How the Bugs We Live with Could Help Fight Lung Cancer
A new class of cancer-fighting drugs called checkpoint inhibitors is offering hope to patients with several kinds of solid tumors, particularly lung cancer and melanoma. The medications, which work by spurring the body’s immune system to attack tumor cells, prolong life in roughly 20 percent of people who take them.
Why some patients do well but others fail to improve is a mystery, but emerging evidence suggests that at least some of the reason may lie with the trillion-odd bacteria that make up the body’s microbiome.
Researchers at the Johns Hopkins Kimmel Cancer Center and Bloomberg~Kimmel Institute for Cancer Immunotherapy are studying how the microbiome—the menagerie of germs that live in the gastrointestinal tract and other organ systems, including the lungs and skin—may interact with checkpoint inhibitors in ways that both make the drugs stronger and that potentially weaken their effectiveness. Their goal is to identify which strains of bacteria sit on which side of the ledger, and, if possible, to tweak a patient’s microbiome in ways that make the cancer drugs even more potent.
Infectious disease and microbiome expert Cynthia Sears, M.D., is leading the research effort. “We’re trying to attack on multiple fronts,” says Sears.
Research in the area has heated up recently, with several publications showing that groups of bacteria may alter the function of immune cells in ways that intersect with the function of checkpoint inhibitors. Some experiments found that a greater abundance in the gut of certain species of bacteria was associated with a stronger response to the drugs. Others showed the opposite—species of microbes that, when present, were linked to a poor response to the immunotherapy drugs.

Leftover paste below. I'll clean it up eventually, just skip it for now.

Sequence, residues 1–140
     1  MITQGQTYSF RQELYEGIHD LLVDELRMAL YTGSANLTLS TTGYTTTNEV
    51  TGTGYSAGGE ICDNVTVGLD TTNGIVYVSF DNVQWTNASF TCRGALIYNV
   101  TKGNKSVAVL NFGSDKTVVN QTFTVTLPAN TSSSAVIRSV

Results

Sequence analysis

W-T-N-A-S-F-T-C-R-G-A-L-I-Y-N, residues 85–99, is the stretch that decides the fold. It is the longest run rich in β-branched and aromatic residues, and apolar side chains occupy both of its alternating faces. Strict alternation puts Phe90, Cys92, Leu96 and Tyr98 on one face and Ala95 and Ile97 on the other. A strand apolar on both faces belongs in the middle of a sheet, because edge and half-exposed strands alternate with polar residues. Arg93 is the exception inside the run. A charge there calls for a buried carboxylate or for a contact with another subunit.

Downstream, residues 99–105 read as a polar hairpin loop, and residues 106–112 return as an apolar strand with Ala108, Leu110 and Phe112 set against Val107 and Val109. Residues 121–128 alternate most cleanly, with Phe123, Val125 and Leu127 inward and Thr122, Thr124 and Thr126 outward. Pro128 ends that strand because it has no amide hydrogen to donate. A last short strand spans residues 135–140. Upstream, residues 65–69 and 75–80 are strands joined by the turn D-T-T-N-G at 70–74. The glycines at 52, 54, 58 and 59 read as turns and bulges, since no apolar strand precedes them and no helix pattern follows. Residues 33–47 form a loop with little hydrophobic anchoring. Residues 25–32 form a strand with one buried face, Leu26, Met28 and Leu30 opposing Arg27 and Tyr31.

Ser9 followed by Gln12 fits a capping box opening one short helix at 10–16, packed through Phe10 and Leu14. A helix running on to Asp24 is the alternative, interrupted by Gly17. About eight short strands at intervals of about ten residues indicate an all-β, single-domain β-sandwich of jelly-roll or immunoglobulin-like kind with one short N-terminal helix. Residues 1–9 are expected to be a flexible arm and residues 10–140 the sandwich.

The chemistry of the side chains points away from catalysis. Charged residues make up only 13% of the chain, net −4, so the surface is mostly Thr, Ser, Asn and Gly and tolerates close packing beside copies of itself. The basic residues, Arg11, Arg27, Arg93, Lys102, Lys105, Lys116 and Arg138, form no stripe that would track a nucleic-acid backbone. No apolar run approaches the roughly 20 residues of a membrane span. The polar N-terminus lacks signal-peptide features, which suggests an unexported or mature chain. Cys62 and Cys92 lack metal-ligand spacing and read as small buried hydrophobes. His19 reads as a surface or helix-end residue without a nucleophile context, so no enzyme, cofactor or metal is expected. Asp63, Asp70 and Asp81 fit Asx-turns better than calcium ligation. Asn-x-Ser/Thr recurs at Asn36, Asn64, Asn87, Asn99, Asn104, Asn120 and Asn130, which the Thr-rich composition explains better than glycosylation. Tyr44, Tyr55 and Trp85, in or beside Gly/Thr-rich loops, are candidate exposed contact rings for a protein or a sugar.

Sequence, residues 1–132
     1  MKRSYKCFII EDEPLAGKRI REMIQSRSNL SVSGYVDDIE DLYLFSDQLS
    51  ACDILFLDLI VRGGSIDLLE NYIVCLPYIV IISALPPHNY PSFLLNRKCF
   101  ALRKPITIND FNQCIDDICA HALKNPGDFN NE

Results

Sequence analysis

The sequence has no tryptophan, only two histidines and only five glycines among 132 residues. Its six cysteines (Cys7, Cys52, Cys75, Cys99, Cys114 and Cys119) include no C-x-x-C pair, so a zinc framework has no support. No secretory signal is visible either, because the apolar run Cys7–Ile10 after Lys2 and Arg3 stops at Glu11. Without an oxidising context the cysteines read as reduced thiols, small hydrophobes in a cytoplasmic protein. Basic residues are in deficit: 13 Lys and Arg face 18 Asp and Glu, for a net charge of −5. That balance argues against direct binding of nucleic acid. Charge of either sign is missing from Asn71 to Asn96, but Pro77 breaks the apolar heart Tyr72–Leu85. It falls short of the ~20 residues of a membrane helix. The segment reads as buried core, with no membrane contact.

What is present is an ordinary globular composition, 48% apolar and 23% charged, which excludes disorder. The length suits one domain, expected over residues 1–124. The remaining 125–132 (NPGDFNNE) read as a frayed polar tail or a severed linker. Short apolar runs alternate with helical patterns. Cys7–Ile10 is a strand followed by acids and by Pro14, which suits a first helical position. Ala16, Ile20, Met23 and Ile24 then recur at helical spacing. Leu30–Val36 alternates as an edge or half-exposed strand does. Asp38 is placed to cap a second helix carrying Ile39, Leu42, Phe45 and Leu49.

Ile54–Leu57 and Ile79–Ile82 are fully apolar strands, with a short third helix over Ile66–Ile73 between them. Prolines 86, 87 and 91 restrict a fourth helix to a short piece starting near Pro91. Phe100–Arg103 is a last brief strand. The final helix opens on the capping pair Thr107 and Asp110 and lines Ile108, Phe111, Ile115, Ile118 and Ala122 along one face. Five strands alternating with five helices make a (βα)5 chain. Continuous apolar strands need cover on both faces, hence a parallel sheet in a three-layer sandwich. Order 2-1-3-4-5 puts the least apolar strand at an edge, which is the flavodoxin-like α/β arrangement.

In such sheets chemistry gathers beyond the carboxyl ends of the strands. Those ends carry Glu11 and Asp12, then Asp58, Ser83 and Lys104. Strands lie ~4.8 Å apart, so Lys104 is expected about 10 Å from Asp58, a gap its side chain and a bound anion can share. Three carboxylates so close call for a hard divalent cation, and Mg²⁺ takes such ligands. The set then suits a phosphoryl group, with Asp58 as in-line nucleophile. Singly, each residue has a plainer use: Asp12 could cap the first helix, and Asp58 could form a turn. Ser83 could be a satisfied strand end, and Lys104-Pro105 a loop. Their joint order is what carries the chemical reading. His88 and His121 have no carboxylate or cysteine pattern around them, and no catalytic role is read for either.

At the moment, the research is in early days, Sears says, with many questions remaining unanswered. Which species of microbes are most important in the interaction, and how they alter the way the body processes the cancer drugs, is unclear.
“One possibility is that there is priming, or education, of the immune system that either enhances or inhibits the capacity of the cells to respond to the tumor,” Sears says. In other words, the presence of certain bacteria in the intestines conditions the immune system the way regular exercise strengthens muscles. When checkpoint inhibitors unlock the power of the immune system, it’s better prepared to fight off cancer. Alternatively, exposure to certain strains of bacteria may sap the immune system, crippling T cells so that they’re unable to rally that defense.
Another possibility is that proteins that the bacteria in the gut make are similar to those produced by cancer cells. “In this idea, the patient’s immune system first develops an immune response to one or more bacterial proteins,” Sears says. “When the tumor is treated with checkpoint blockade, the immune system is released to attack the tumor using the antibodies against bacterial proteins that ‘mimic’ tumor proteins.”
Lung cancer expert Jarushka Naidoo, M.D., is collaborating with Sears on the project. She is helping collect samples of bacteria from patients being treated with immunotherapy, taking swabs from stool, fluid from the lungs—which have their own microbiome—the mouth, and urine. Using DNA profiling, they’ll catalog all of the organisms present and try to build a profile of which ones are linked to a good response to the drugs and which appear to hinder their effectiveness.
Although the research is still in its early stages, Sears says she hopes the work will lead to the development of therapies—such as a “microbe cocktail” or even a vaccine—that will boost the immune response in cancer patients who receive immunotherapy. “We want these drugs to work for most patients, not just a small percentage of them,” she says.
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